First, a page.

When we first wanted to build a micro brewery we went though the proper channels. The site, at the time, was an old stable block that had been all but blown down in the 87 storm. The stable was rebuilt using bits of ply and corrugated iron; it didn’t look good. So we planed to build using what there was left of the original structure and then add to it. Local planners saw this as a change of use and extension rather than a new build, so we applied for planning permission and it was granted.

During the building progress we made some minor alterations, these included solar panels, velux windows and moving the staircase outside. When, however, we applied to make these minor amendments the planning offices realised that we should have applied for a new build rather than a change of use. We where informed we must reapply.

On the whole the village is in full support in what we are trying to do. Our main aim is of cause to keep the pub open as well as selling a good selection of local ales and local home cooked food. But there is one or two who feel a busy pub will affect their house price, so will go to great lengths to cause problems for us.

This morning that minority didn’t even bother turning up at the committee meeting. After a few hours watching local politics in action (rather slow action) a decision was to be made. In the end the planning offices recommended planning permission was granted and all council members agreed. Yippee! This whole sager had been going on for to long; we were building when Jeff/Stonch visited for Eddyfest 2 years ago. At last we can stop worrying about a few nimbys and start brewing some more beer!

Tuesday, 30 June 2009


Today I’m brewing our weakest beer; Mawkin Mild at 2.9% ABV. Everything seems to be happening slowly today. Having casked up a load of beer to make space in a fermenter for today’s brew, I realised that yesterday I must have taken more heat out of the store than I’d thought. This means lighting our wood boiler to bring to store up those few more degrees I need to mash at 66°C sparge at about 78°C and then final heat to 80°C+ before the boil.

As for the beer, well it’s black (almost) and modestly hopped with a Fuggles and Goldings. The malt gives this beer its flavour. I think its 11 different types I all, lots of dark malts give it a good roasted flavour, while I use malted oats to impart some body. I had no idea what this would turn out like first time I brewed it, but it was good (well, I liked it, so it was good).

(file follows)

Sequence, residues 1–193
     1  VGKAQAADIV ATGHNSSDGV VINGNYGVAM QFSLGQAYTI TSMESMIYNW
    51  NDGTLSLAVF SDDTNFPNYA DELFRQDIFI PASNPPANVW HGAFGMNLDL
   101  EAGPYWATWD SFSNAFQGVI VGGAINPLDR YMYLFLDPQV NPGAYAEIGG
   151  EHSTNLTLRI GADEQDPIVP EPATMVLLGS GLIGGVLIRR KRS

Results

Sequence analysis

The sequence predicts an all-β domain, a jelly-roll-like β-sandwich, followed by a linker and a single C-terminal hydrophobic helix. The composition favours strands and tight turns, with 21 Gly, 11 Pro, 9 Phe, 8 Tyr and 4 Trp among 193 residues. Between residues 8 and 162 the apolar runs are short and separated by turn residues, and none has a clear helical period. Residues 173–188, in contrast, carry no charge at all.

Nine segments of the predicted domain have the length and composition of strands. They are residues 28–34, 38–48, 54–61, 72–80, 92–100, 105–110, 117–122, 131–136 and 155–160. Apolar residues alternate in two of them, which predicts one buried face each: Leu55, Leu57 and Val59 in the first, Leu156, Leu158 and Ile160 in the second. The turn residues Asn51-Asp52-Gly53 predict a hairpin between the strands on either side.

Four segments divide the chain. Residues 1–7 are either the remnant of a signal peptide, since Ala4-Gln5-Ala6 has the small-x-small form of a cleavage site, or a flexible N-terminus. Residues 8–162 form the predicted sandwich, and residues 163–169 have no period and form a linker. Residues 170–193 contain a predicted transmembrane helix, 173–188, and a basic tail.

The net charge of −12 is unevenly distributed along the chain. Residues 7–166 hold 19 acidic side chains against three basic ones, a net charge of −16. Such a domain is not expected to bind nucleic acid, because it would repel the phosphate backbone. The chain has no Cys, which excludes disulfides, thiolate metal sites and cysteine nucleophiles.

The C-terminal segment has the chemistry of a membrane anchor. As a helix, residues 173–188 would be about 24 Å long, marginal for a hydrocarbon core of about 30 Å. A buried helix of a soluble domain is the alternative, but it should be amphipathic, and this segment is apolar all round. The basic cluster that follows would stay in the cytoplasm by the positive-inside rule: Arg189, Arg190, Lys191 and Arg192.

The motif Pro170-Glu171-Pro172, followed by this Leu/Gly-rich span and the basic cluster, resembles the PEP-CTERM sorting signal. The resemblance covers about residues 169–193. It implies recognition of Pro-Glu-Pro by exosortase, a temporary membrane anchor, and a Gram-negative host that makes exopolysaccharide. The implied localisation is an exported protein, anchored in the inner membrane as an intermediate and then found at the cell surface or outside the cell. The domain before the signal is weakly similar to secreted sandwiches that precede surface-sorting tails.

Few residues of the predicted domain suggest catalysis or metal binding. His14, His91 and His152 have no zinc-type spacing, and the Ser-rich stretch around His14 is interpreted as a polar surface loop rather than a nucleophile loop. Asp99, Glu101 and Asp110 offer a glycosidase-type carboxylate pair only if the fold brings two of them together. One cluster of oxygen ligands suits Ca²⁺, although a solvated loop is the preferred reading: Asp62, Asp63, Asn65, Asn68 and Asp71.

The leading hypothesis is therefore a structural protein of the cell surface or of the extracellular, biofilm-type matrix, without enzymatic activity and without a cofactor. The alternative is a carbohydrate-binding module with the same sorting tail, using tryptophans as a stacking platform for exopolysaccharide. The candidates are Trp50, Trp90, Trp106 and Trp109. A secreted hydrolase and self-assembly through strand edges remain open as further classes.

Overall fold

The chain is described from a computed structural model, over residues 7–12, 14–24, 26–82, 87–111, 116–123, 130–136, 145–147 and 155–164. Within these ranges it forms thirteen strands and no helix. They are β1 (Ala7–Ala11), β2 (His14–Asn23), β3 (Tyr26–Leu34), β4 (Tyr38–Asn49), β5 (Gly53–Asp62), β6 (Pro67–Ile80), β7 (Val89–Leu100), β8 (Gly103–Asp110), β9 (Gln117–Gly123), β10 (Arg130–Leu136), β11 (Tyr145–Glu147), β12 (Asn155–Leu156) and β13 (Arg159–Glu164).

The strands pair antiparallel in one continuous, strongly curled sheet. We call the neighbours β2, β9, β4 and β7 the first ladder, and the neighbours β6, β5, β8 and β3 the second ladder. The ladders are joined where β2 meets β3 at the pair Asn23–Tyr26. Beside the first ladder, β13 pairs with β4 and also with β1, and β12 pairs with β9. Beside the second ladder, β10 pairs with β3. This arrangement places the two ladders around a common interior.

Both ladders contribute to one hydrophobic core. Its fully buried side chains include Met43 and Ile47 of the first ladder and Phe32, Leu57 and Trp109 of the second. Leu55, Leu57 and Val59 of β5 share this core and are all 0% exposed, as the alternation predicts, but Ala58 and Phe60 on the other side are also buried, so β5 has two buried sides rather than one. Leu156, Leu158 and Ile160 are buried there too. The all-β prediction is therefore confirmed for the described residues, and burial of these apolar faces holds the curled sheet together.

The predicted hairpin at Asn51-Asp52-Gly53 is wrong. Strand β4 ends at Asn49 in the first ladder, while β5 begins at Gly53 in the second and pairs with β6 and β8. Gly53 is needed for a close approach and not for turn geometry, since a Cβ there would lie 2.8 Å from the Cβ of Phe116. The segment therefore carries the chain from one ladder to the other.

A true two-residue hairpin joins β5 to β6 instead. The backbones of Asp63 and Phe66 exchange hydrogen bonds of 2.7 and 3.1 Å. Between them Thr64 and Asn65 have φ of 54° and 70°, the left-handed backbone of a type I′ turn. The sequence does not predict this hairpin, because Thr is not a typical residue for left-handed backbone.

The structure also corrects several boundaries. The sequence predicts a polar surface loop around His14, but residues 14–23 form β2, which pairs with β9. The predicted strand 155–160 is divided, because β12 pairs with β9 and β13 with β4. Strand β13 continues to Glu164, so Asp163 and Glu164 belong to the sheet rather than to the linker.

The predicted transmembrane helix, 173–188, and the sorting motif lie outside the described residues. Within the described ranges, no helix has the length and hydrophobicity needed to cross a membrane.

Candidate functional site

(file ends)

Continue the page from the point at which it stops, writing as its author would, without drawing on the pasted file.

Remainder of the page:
Mild is not an easy sell to the free trade but we sell it all the time in our pub and a few outlets take the occasional cask and of cause it fly’s out at CAMRA beer festivals. Some people bemoan CAMRA and their beer festivals but without them small breweries would less adventurous in the styles of beer brewed. Unless a brewery is into bottling in a big way it will struggle to sell beers that aren’t brown or gold between 3.5-4.5%, beer festivals give these beers an outlet. For that I forgive the socks, sandals beards and farts!

Monday, 29 June 2009


It’s hot today, very hot! I’m doing my least favourite job, cleaning casks. It involves spraying a lot of hot water about. Wearing wellies and cycling to work was a bad idea, I’m sweating like a bastard.

On the plus side the solar panels are collecting those rays; these are connected to a heat store which is used to heat the water used for cleaning and the liquor used for brewing. At the moment the 3000L store is at about 80°C, sure that will come in useful. We have an interesting setup here involving solar panels, a wood boiler, heat exchangers and pipes running though that heat store to heat the liquor to various temperatures during the brewing process. One day I’ll explain it all on here, but for today back to spraying smelly dregs with solar heated water.

Friday, 26 June 2009

What to expect

Hopefully lots of interesting stuff will be happening over the coming months; otherwise this blog will become a bit dull. I hope to be able to update regularly on goings on in Mill Green Brewery and the White Horse. I will also be sharing my opinions on various debates in the beer world and maybe talk about some nice pubs I visit and great beers I try (and maybe some not so good). On top of this we I will be looking at some new projects that I’m involved in.

Over the past few months the family and I have been working on growing our own ingredients for the brewing process. We have a 14 acre field and have planted some barley that we hope to malt, either ourselves or by getting someone else to do it. We have also, in a corner of the field, planted 200 hop plants (25 of 8 varieties). Although the harvest this year will probably be non-existent we hope, in the long run, this will save us money as well as being a great selling point for the beer. I hope through this blog I will also be able to chart the progress of my family’s first tentative steps into farming.